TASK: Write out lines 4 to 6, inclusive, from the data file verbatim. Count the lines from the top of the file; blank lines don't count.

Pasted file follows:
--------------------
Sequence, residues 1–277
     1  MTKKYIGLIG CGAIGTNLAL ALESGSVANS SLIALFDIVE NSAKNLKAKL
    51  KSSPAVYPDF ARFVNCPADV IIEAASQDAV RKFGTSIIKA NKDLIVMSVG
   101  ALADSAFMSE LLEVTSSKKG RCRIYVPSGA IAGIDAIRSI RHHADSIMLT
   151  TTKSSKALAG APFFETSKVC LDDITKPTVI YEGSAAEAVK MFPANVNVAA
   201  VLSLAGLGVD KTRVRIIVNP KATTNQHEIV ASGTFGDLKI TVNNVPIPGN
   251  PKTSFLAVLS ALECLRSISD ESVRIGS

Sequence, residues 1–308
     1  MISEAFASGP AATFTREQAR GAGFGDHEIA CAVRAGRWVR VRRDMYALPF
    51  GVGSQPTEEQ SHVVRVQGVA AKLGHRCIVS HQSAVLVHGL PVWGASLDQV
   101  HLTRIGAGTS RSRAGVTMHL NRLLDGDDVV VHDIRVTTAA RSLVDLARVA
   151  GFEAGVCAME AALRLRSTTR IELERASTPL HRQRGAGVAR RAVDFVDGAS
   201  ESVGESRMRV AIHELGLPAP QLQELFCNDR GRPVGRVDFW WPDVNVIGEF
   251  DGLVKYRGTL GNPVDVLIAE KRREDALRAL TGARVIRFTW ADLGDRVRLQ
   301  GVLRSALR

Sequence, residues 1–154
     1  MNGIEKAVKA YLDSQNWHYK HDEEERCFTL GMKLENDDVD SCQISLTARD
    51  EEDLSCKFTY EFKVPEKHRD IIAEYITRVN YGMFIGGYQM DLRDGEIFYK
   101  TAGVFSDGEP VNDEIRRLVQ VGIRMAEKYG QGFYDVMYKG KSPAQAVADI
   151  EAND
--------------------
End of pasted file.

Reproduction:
   101  ALADSAFMSE LLEVTSSKKG RCRIYVPSGA IAGIDAIRSI RHHADSIMLT
   151  TTKSSKALAG APFFETSKVC LDDITKPTVI YEGSAAEAVK MFPANVNVAA
   201  VLSLAGLGVD KTRVRIIVNP KATTNQHEIV ASGTFGDLKI TVNNVPIPGN